Also, the digital landscape has opened up the creative avenues tenfold. Think about it. … Now there are brand films where artists are asked to interpret the brand. They are given more freedom because the cost of such films is less and a certain freedom is expected on the Web that isn’t expected as much on television. And, of course, Web films need an authenticity to be shared – and that authenticity means more art than commerce.

Then there is the whole definition of what art is in the first place and how it came to be. Art from the beginning was not always meant to be art. As a form of expression, it has changed with the times. And often, great art was commissioned from great artists. How is getting a portrait of yourself painted different from having a commercial done for your brand? There are obviously rules for both subjects. The artist can’t paint a portrait of someone else when you paid for a portrait of YOU … although a portrait from Picasso might look like someone else – depending on your perspective. The beginnings of art come from telling a story, almost a journal, of early man’s adventures during hunting season 30,000 years ago. These early paintings on caves could well have been advertisements. “Check out Mogu. … He is best at finding meat. He has big weapons. He has a cool cave. Wild animals and women fall at his feet.” Painted by Gred. Gred lives outside Mogu’s cave on a rock. But he paints a mean story about Mogu.

The first artists lived by a set of rules as to how they painted subjects. When they broke those rules, then the needle of art moved. And along the timeline, more rules were broken and art moved again. This is very close to the commercial world, where the rules are continually broken and changing – especially with the advent of a digital landscape that continues to evolve commerce and art as well.

This excerpt says it all. …

“… the lessons of Egyptian art had not simply been discarded and thrown overboard. Greek artists still tried to make their figures as clear in outline as possible, and to include as much of their knowledge of the human body as would go into the picture without doing violence to its appearance. They still loved firm outlines and balanced design. They were far from trying to copy any casual glimpse of nature as they saw it. The old formula, the type of human form as it had developed in all these centuries, was still their starting point. Only they no longer considered it sacred in every detail.” – E.H. Gombrich, The Story of Art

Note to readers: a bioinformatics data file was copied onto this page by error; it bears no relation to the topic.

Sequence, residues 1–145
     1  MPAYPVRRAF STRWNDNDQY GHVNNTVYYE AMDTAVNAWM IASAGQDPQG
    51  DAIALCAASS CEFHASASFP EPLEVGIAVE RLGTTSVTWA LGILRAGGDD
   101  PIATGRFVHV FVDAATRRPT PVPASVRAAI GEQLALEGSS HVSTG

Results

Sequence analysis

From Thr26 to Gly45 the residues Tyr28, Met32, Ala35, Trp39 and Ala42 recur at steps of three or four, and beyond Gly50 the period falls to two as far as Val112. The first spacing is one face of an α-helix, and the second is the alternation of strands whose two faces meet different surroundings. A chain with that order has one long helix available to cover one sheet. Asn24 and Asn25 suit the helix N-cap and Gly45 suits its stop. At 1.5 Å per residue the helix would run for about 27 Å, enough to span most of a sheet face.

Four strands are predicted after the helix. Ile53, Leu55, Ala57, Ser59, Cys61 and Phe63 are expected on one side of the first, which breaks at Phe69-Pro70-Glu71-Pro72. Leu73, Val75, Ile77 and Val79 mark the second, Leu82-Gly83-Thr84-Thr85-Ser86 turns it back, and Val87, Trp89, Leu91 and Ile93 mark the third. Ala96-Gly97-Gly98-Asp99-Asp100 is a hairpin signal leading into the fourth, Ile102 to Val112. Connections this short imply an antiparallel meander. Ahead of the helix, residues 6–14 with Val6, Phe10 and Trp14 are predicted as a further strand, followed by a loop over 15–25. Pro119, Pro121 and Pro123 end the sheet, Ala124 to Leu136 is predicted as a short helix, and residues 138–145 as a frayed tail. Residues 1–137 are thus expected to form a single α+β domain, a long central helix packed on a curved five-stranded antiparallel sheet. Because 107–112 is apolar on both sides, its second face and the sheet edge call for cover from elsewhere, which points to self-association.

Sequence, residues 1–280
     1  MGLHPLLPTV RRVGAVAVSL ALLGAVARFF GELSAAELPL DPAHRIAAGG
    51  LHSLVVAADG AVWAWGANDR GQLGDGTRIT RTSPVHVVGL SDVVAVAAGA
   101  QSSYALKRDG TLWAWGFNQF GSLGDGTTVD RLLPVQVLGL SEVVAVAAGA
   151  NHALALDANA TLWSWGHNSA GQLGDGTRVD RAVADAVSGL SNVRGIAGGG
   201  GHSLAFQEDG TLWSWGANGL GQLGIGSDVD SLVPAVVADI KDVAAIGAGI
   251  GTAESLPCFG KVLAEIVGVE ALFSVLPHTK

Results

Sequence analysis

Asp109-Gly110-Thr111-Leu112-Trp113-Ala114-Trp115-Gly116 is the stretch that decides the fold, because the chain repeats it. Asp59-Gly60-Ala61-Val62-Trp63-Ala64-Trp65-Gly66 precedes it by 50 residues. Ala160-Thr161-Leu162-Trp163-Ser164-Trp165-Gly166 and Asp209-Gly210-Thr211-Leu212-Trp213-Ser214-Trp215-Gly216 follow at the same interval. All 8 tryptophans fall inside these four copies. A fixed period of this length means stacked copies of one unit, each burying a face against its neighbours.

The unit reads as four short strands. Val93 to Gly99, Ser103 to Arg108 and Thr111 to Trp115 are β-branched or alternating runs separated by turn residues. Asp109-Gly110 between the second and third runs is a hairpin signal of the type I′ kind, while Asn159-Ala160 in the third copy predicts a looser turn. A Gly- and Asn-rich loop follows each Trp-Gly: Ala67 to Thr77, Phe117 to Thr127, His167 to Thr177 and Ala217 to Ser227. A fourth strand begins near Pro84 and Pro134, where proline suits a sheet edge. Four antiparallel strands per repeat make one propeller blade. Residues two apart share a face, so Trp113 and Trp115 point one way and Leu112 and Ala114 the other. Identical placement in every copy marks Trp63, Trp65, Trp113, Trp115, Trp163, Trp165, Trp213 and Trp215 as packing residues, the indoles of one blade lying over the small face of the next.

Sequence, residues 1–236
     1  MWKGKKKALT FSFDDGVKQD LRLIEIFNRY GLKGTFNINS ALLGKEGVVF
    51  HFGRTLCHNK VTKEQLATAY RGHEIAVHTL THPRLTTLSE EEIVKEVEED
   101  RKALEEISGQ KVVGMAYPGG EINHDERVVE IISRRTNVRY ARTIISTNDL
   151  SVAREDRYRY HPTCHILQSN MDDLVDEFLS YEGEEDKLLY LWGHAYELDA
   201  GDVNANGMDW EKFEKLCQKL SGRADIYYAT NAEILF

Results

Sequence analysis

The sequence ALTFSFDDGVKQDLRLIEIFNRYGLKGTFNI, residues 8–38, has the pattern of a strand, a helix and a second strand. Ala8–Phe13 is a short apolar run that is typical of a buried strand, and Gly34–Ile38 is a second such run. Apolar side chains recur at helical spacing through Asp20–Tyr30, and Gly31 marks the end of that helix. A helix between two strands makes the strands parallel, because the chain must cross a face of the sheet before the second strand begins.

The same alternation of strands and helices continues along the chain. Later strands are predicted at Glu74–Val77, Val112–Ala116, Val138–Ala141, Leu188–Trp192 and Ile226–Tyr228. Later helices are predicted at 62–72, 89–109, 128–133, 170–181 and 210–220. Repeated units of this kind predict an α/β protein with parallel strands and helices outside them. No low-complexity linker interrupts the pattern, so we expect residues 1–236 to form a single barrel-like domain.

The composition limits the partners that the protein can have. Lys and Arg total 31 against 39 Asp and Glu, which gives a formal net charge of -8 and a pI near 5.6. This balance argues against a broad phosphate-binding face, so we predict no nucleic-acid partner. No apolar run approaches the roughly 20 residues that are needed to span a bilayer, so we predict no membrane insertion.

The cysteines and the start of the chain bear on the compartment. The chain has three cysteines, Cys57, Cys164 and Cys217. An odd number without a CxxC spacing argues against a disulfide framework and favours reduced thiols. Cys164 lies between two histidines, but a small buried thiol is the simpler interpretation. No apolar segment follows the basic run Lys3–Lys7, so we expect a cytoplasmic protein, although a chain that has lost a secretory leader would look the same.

That is what a great director does for a piece of commerce. They don’t regard a brand’s rules as sacred in every detail. They are still working from the strategy. They are still trying to get across the right message for the brand. … But the things you hold onto as sacred about your brand … are not in the mind of that director. If he’s good, he’ll try and get you to break some sacred cow that sits in your mind, grazing away at the grey matter. Once that happens – anything is possible. …

 

Mission accomplished — and forever remembered

It took but only a moment for me to firmly decide in Group Therapy that winter morning, after falling in love with everything the Foundation is and stands for (R&R romanced me hard that day),  that I would be headed to Nicaragua this summer, to assist on Project El Crucero. It would cost some money and some PTO, but all of that could be sorted out later. I realized that this was the opportunity I had been itching for, and I had to take it. In a few short months, I’d bust out of the confines of my comfort zone and do what I could to improve the quality of life for another, even if only in a small way.

Screen Shot 2013-08-08 at 5.01.13 PMMy wildest expectations were surpassed this past June when a group of R&R employees and Friends of Tonner made the trip down to El Crucero, Nicaragua. For most of us, it was our first mission trip. We arrived to Managua hours after the sun had gone down, sweaty and tired, but ready. Our emotions ran the gamut: excited, nervous, anxious. But then, after 40 long minutes of curves and bumps and sweating on the ride up the mountain to El Crucero, we pulled up to the clinic on that first Sunday, and everything was peaceful, and right. Our hearts had led us to this point, and would lead us through it.

Our days were filled with small construction projects on the clinic itself, painting, making and sharing any kind of lunch we could with the food we had, kicking the soccer ball around, arts and crafts, and for the teens in the group (and Roy), leading many, many rounds of “Down By The Banks.”

IMG_7215On the off day we had from the clinic, we found ourselves really missing the kids. The lake was beautiful, the market was a blast (ask someone else on the trip if shopping with me is recommended or not), and the rest and relaxation was probably necessary. But it wasn’t the same as having one of the kids run and leap into your arms when you piled out of the van upon arriving at the clinic. Or the look in the eyes of the boy you gave a new pair of shoes. Or the mother who was in tears because all of her children were fed for a day.